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Moving Old ASP Sites to 2008 Server, IIS 7, and SQL 2008

It was time to move many sites from W2K3 Server (Windows 2003 Server) and SQL 2000 Server to a new W2K8 Server (Windows 2008 Server) and SQL 2008 Server.  And if I ever have to do it again, I will check with these notes.

The greatest secret in technical life (and may be wider) is to change before you have to.  Anticipate and change before circumstances force you.  For a long time I was planning this migration, but I didn’t expect to go through so many hurdles and error messages.  Luckily, I found solutions that seem logical and clean.  So, let’s go into step-by-step details.


– Backup old Databases on old server (SQL 2000);
– Copy BAK file to a new 2008 Server;
– Restore Databases on a new server (SQL 2008 R2);
– Copy Site files and directories to a new 2008 server;
– Using IIS Manager Add Application pointing to new copied directories.


Try opening the site.  You could see this error:

HTTP Error 404.3 – Not Found
The page you are requesting cannot be served because of the
extension configuration. If the page is a script, add a handler.
If the file should be downloaded, add a MIME map.

Under detailed Error Information you could see

Module StaticFileModule

To fix this error you need to install ASP using W2K8 Add Features and Roles  under Server Manager – Roles – Web Server (IIS).

Try opening the site. You now might get this error:

An error occurred on the server when processing
the URL. Please contact the system administrator.

Your WEB Server needs to send more information to your browser.  To do that you need to issue this command on your web Server:

C:\inetpub\AdminScripts\adsutil.vbs set w3svc/AspScriptErrorSentToBrowser true

You should see a positive reply back:

AspScriptErrorSentToBrowser     : (BOOLEAN) True

If you do not have directory called AdminScripts, or if command above doesn’t work and generates errors – you need to install IIS 6.0 Management Compatibility features (also called IIS 6 Scripting Tools) using W2K8 Add Features and Roles.

[2012-03-16 FR  20:48] If you do not want to install “IIS 6 Scripting Tools”, you can issue this command:

%windir%\system32\inetsrv\appcmd set config -section:asp -scriptErrorSentToBrowser:true

You should see this response:

Applied configuration changes to section “system.webServer/asp” for “MACHINE/WEB
ROOT/APPHOST” at configuration commit path “MACHINE/WEBROOT/APPHOST”

[2011-05-17 TUE – There is a way to achieve the same result without the script.  Please see Comment bellow.]

On old server I couldn’t make Integrated Security to work so I was passing a hard-coded user name and password. Not clean!  But on W2K8 Server I know Integrated Security works great.  So now I decided to change my connection string.  I generated the string using Visual Web Developer 2010 and pasted it into an appropriate file in my ASP site.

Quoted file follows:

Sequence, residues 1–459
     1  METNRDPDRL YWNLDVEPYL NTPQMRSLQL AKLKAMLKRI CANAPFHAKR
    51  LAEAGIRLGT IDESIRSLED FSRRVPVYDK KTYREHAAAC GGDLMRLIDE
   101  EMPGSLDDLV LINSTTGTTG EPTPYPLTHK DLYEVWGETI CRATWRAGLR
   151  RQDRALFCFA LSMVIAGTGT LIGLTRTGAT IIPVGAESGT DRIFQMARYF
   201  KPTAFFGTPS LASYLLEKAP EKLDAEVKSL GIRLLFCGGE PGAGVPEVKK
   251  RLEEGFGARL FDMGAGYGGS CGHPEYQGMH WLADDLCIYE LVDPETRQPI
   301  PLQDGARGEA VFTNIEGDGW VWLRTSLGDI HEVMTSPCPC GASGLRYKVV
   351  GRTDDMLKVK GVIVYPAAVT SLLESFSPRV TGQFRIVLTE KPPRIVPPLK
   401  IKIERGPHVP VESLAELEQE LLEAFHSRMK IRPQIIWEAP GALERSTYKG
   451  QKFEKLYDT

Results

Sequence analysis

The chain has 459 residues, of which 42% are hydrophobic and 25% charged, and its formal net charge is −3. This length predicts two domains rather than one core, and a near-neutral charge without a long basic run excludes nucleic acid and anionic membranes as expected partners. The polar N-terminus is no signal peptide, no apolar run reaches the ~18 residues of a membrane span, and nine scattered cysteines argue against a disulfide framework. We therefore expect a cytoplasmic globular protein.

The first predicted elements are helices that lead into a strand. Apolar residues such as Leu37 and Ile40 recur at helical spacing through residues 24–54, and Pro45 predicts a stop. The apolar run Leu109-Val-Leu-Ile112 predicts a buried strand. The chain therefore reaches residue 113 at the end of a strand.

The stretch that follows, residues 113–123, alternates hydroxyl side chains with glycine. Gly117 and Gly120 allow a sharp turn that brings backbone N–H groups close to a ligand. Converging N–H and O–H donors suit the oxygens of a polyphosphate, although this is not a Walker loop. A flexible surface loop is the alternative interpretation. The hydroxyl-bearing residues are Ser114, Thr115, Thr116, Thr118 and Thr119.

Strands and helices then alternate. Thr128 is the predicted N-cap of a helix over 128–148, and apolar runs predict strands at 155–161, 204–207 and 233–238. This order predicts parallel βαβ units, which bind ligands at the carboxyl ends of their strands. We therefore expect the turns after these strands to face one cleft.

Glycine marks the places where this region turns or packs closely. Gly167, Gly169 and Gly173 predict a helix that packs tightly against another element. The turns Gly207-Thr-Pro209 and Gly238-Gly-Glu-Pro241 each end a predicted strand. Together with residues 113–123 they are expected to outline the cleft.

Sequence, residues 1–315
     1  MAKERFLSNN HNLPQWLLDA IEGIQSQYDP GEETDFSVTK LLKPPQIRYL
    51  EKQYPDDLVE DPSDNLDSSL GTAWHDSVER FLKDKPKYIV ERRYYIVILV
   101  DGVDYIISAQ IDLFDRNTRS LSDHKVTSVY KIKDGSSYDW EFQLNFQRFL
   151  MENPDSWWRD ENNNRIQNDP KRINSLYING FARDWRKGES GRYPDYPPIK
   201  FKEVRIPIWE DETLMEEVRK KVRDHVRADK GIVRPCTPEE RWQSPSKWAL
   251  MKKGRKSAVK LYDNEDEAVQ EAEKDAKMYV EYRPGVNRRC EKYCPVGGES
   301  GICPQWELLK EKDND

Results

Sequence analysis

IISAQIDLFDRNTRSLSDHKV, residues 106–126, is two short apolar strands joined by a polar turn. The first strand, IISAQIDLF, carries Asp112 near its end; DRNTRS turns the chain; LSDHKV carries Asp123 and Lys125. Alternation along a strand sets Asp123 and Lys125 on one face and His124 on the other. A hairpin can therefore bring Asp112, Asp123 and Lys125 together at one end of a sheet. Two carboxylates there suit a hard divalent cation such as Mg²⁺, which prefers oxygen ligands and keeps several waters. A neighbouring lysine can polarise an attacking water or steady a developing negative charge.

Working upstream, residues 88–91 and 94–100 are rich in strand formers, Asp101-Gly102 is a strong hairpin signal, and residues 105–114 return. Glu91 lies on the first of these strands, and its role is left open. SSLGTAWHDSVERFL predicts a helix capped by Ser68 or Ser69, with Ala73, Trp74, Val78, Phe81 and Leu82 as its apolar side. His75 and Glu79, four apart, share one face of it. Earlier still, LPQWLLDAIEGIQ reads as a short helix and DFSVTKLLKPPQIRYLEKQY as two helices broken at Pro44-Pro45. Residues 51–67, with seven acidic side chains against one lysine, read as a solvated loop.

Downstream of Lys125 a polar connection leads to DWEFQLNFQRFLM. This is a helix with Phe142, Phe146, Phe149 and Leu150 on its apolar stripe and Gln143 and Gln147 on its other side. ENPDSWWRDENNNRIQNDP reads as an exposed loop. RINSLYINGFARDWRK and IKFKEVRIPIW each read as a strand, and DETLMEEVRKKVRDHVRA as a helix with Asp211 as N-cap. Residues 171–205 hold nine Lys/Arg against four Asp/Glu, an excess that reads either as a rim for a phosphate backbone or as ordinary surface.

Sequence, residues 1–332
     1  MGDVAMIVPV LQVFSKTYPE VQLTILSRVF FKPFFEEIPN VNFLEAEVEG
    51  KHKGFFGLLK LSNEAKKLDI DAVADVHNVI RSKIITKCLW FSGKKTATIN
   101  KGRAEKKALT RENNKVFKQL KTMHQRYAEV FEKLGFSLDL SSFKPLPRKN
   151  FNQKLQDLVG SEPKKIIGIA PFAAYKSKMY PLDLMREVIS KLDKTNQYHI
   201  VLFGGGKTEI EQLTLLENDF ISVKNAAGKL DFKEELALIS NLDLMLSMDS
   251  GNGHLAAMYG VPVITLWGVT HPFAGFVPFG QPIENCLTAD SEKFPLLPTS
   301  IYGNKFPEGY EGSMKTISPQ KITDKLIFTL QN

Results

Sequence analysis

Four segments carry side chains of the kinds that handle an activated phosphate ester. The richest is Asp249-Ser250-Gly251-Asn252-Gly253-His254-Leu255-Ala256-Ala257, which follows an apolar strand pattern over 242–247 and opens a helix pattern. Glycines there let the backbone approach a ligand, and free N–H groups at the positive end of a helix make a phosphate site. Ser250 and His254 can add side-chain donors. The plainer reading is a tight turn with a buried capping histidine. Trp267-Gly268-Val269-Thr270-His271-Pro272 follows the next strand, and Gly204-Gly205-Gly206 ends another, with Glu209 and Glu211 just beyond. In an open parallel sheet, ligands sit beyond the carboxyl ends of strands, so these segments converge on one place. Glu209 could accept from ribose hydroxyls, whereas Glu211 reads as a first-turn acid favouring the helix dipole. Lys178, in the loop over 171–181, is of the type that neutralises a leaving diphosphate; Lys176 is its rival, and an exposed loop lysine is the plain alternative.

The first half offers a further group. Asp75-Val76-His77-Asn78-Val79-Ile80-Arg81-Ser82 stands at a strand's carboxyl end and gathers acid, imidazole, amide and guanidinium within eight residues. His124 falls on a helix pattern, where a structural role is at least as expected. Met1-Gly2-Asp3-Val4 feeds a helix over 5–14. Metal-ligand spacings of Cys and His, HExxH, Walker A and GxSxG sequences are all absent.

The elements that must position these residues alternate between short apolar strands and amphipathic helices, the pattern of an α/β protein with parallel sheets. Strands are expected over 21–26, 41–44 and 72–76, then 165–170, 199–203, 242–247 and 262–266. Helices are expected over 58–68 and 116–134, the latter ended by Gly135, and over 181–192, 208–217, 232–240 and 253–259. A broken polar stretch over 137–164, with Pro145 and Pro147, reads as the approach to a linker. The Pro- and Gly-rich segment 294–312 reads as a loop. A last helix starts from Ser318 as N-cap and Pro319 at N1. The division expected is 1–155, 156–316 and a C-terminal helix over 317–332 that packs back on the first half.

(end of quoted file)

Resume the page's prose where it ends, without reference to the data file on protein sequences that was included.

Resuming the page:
I refreshed the page and saw this error message:

Provider error '80040e21' Multiple-step OLE DB operation generated errors. Check each OLE DB status value, if available. No work was done.

That error means you have some kind of a problem with your connection string.  I was able to fix this problem by replacing

Integrated Security=True; 

(valid for .NET SqlClient library) with

Integrated Security=SSPI;

(valid for OLEDB)

Next error you likely to see would be:

Microsoft OLE DB Provider for SQL Server error '80040e4d' Login failed for user 'NT AUTHORITY\IUSR'.

Another similar error that I saw at this stage was:

Microsoft OLE DB Provider for SQL Server error '80040e14'
Cannot open database "YourDB" requested by the login. The login failed.

To fix both of these errors, add user NT AUTHORITY\IUSR to SQL and map it to your D/B as Owner. You are now ready to run your old ASP site under W2K8 Server and SQL 2008.

There is one more very painful error –  80004005, when you have Trusted_Connection=yes; or Integrated Security=SSPI; in your connection string.  This error doesn’t tell you, what user is causing the problem:

Microsoft OLE DB Provider for SQL Server error '80004005'
Cannot open database "DB_Trades" requested by the login. The login failed.
/Include/CONN.ASP, line 25

To figure out, which user causes the login problem, you need to open IIS log.  Physical location of IIS logs on the disk you can check with IIS Admin – Sites – Logging.  IIS Logs are organized by side ID.  Time stamp in IIS logs is 5 hours ahead of EST zone. Read the corresponding log and right after the error you will see the user name, that is not shown by the browser. Now, all you have to do is to delete this user from SQL security, add it back and map this user to your site database.  Do this using SQL Server Management Studio.